The guide offers two different tool clamping positions: A pair of raised lips atop the guide hold plane blades or chisels up to 3″ wide; a lower V-groove holds thin tools from very narrow up to about 1-3⁄4″ wide. A knurled wheel on the Veritas Precision honing guide resets its eccentric roller to a higher angle for honing a secondary bevel. Personally, if I owned it, I would use it with a chisel I cut off at the top of the blade. CONS: When honing wide plane blades (2-1⁄2″ or so), the guide’s wheels end up so far apart that the guide only works on honing plates or very wide bench stones. Your chisel or blade is now ready for grinding (assuming you have the table set correctly).
In light of 1 and 2, If you happen to have an extra $100 in your budget, it may be wise to buy a second BODY-ONLY, fit it with the chisel jaws, and use it for narrower blades. Cutting depth on a shoulder plane is adjusted by a screw feed mechanism (Lie-Nielsen, Veritas) or by tapping (Japanese, Gordon). That brings me right back to the LN/Veritas offerings and once again I am drawn into the Veritas.
You may be able to reset your work piece after the first groove is finished, and using the plow plane along the edge of the work piece, plow a groove along this outside edge until the two grooves meet in the middle and you can remove the rectangular waste. I just can’t get it to work for me. My newest and favorite is the Veritas bevel up block plane. Since I plane a lot my one tool that never gathers dust are my sharpening stones. I got a copy of Hack’s plane book yesterday and found the LN in it. He doesn’t seem to think it’s a frequently used tool.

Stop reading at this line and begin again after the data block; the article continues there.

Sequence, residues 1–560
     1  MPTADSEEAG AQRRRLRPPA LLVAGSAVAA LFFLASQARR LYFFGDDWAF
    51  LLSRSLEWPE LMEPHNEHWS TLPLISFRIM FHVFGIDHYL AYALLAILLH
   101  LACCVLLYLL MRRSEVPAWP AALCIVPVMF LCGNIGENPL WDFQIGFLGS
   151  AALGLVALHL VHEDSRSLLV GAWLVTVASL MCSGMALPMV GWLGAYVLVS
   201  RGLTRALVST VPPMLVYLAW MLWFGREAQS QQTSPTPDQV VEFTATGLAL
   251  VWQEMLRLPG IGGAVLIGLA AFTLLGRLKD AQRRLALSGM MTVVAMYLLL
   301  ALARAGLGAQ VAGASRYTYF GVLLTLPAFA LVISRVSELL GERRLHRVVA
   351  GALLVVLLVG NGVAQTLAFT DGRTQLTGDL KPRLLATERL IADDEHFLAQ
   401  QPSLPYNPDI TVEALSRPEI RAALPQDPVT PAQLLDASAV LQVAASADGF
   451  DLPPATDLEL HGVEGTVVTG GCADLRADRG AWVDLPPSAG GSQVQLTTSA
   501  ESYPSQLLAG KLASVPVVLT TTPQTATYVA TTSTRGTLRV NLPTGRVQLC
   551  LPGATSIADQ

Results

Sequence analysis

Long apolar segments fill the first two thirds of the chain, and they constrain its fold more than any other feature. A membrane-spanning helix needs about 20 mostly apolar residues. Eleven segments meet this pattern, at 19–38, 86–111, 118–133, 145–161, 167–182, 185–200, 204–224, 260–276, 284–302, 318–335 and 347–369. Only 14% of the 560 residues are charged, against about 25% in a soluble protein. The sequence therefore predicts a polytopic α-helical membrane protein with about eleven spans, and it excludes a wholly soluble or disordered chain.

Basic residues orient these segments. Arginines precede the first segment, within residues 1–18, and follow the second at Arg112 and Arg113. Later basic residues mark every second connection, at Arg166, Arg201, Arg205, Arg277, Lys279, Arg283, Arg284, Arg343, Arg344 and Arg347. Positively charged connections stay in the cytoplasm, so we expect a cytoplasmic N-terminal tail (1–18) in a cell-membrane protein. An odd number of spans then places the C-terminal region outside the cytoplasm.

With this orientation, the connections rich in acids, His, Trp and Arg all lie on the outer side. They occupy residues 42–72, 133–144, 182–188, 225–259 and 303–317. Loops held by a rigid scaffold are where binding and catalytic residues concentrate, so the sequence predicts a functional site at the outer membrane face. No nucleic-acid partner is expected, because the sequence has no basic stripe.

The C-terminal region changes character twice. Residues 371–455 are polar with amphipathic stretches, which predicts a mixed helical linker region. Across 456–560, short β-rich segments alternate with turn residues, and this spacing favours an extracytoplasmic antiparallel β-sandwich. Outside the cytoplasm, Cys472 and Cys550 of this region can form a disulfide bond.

It can be done that way on a chisel, and some westerners do it that way, but it’s not the way they do it in Japan, and it won’t work on a plane blade where the hollow is much deeper. So I found myself reaching for a chisel to pare the narrow shoulders inline with the long shoulders done with the shoulder plane. And the casting had to be reworked slightly so that the chisel would seat properly.